Hospitality workers are praising the California Occupational Safety and Health Standards Board for unanimously approving a standard designed to protect housekeepers from workplace hazards.
Passed by a 5-0 vote on Jan. 18, the standard seeks to make employers more accountable for written injury prevention programs, worker training, hazard evaluations, provision of appropriate tools and personal protective equipment, incident investigation, hazard correction, and recordkeeping.
The approval rewards a multiyear lobbying effort by hospitality workers union UNITE HERE, which represents 270,000 members of the hotel, gaming, food service, manufacturing, textile, distribution, laundry, transportation and airport industries in the United States and Canada.
Hospitality housekeepers routinely lift 100-pound mattresses and push heavy carts and vacuums, according the union. Along with constant twisting, turning and bending, these activities “can lead housekeepers to suffer strain, sprain and tear injuries that can require physical therapy or even lead to permanent disability.”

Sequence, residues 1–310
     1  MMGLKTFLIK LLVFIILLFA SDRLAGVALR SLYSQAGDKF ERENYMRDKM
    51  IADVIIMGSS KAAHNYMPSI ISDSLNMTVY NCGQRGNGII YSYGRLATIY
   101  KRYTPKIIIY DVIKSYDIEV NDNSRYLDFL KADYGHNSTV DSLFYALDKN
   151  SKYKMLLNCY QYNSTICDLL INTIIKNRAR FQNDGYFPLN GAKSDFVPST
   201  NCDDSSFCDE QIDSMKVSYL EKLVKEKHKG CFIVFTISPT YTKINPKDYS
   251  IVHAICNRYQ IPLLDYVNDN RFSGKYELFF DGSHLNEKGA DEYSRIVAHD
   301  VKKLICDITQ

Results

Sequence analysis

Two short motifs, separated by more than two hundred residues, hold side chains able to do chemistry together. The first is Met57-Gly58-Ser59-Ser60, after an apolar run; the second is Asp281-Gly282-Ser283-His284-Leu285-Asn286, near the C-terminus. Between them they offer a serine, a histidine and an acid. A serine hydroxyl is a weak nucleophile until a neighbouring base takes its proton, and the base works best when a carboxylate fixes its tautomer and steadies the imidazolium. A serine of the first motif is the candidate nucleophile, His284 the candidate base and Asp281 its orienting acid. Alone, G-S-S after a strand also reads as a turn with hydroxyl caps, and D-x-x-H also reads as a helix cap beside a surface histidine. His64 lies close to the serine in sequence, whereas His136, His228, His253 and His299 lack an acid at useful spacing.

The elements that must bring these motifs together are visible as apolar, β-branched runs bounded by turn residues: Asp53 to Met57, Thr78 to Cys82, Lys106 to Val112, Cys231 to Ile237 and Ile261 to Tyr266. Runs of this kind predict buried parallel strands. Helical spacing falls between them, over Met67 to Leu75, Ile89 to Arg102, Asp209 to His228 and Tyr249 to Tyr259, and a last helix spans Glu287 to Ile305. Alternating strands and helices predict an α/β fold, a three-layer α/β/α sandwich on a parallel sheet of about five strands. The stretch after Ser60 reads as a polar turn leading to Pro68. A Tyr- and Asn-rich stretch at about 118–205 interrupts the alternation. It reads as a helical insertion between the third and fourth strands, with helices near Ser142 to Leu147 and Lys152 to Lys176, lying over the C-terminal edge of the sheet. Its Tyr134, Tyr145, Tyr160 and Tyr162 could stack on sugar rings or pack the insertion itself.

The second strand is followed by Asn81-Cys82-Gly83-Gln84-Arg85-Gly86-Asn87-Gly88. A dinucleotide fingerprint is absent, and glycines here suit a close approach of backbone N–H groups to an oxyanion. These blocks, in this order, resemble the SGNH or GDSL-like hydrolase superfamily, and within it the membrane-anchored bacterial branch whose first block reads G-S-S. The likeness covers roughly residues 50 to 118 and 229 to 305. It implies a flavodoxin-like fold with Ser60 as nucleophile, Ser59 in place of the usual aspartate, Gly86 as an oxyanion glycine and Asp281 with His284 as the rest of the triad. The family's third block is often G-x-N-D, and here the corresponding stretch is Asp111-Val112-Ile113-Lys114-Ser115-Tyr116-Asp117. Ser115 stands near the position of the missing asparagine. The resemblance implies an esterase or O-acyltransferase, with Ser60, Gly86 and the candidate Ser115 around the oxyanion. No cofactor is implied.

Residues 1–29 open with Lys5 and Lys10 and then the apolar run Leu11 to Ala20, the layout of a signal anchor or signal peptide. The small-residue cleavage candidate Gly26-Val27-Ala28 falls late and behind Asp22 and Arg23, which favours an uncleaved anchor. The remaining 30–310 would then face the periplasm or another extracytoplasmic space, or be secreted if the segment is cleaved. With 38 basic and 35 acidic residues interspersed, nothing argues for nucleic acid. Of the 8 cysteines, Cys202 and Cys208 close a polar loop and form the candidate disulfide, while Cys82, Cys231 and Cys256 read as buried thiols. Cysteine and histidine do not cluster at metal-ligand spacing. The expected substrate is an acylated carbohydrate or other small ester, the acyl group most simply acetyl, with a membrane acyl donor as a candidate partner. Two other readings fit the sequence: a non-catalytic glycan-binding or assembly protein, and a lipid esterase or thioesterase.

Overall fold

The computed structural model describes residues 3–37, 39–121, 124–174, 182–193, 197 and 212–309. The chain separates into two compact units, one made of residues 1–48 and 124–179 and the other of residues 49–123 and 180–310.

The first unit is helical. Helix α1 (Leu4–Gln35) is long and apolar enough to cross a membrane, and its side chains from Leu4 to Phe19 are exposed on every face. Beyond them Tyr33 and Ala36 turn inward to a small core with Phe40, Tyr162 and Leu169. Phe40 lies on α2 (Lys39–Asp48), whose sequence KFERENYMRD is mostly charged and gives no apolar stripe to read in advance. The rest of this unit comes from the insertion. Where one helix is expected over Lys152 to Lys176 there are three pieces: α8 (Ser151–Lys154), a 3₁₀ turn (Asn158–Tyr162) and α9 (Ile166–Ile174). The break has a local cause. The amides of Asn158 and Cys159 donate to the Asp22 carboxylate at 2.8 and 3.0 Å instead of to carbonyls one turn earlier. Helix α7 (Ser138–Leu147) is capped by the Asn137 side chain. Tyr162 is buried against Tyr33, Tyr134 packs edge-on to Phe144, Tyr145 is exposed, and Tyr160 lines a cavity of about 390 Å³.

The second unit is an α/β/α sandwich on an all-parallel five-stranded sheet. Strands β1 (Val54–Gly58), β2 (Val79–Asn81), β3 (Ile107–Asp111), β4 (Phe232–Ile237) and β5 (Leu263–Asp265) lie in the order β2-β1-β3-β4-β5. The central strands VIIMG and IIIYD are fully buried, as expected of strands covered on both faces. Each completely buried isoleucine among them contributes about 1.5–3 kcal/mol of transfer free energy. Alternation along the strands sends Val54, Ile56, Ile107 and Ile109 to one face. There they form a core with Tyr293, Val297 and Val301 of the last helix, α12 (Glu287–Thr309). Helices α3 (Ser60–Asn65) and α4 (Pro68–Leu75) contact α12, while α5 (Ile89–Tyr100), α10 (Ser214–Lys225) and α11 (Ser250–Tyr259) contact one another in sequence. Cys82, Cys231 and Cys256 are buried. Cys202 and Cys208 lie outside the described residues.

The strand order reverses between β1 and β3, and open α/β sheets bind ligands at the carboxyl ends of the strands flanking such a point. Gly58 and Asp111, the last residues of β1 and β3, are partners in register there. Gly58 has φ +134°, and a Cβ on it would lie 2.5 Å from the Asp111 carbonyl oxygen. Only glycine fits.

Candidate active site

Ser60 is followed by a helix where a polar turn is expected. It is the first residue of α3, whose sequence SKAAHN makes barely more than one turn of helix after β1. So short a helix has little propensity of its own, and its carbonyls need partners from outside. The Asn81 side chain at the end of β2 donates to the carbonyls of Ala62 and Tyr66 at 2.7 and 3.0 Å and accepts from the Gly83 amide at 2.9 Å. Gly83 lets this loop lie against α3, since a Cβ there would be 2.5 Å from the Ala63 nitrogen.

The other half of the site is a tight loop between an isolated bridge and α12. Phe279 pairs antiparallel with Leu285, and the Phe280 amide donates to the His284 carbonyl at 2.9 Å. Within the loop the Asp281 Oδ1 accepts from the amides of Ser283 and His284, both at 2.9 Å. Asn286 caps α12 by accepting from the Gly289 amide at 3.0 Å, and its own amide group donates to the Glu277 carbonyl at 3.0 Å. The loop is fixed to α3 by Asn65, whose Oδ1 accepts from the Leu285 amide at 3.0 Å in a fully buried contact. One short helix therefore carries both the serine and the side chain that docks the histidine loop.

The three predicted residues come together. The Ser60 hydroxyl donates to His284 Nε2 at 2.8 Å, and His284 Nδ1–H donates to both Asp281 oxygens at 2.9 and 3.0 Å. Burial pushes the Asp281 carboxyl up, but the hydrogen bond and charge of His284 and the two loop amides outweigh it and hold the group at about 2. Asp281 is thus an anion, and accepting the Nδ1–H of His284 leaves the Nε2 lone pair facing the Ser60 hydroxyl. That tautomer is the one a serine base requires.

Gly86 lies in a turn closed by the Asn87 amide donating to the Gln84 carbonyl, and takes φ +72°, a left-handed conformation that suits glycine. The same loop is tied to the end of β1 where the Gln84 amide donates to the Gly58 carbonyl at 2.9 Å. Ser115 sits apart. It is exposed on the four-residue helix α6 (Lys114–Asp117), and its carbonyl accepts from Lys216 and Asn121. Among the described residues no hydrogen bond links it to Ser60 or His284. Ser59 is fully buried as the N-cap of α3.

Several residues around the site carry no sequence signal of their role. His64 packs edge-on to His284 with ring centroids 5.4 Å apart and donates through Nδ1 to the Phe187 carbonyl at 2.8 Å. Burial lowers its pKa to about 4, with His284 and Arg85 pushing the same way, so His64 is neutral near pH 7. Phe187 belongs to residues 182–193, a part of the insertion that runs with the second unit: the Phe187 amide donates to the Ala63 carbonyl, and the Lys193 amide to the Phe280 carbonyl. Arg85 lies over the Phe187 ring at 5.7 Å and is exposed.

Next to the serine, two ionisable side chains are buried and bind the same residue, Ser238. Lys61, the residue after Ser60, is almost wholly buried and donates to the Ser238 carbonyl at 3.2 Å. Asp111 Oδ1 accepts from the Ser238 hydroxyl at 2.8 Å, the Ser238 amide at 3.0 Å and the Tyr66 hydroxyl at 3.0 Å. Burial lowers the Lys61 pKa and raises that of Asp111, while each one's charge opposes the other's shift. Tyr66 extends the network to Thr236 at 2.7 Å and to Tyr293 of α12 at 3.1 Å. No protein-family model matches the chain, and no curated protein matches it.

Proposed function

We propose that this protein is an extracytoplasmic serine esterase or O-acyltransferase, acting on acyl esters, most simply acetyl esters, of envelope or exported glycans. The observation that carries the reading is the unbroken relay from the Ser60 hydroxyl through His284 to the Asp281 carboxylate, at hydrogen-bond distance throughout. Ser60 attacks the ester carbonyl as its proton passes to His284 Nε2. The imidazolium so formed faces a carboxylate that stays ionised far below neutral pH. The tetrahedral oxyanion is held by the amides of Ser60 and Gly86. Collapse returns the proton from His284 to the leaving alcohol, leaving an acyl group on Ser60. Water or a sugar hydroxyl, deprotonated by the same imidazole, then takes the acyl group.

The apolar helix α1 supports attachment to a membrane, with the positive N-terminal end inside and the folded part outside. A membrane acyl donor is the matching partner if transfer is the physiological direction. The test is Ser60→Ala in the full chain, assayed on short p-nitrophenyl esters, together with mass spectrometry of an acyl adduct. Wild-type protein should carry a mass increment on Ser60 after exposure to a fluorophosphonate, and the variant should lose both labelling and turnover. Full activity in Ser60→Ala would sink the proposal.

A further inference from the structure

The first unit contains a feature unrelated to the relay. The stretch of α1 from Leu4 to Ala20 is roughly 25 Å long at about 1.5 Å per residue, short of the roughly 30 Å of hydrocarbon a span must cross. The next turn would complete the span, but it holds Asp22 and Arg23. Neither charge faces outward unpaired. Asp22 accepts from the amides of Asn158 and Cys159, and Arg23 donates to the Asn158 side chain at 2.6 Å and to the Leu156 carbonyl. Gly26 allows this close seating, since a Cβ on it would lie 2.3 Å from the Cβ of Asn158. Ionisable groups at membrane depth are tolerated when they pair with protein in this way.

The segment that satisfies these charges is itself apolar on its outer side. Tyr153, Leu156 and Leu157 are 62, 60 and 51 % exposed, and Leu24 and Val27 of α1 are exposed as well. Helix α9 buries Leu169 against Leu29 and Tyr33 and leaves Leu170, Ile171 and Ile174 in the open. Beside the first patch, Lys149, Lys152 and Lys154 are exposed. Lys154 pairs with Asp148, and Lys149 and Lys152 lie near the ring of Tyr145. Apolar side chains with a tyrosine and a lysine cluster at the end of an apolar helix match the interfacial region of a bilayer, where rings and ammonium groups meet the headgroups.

“Hotel housekeepers are the invisible backbone of the hospitality industry,” Pamela Vossenas, director of worker safety and health for UNITE HERE, said in a Jan. 19 press release.
“Overwhelmingly women, immigrants and people of color, housekeepers face high rates of workplace injury. The state of California has recognized the seriousness of the dangers housekeepers face and took an important step to protect these workers.”
The standard moves to the state’s Office of Administrative Law, which is tasked with ensuring it complies with California’s Administrative Procedures Act. OAL meets quarterly, meaning the soonest the standard would go into effect is April.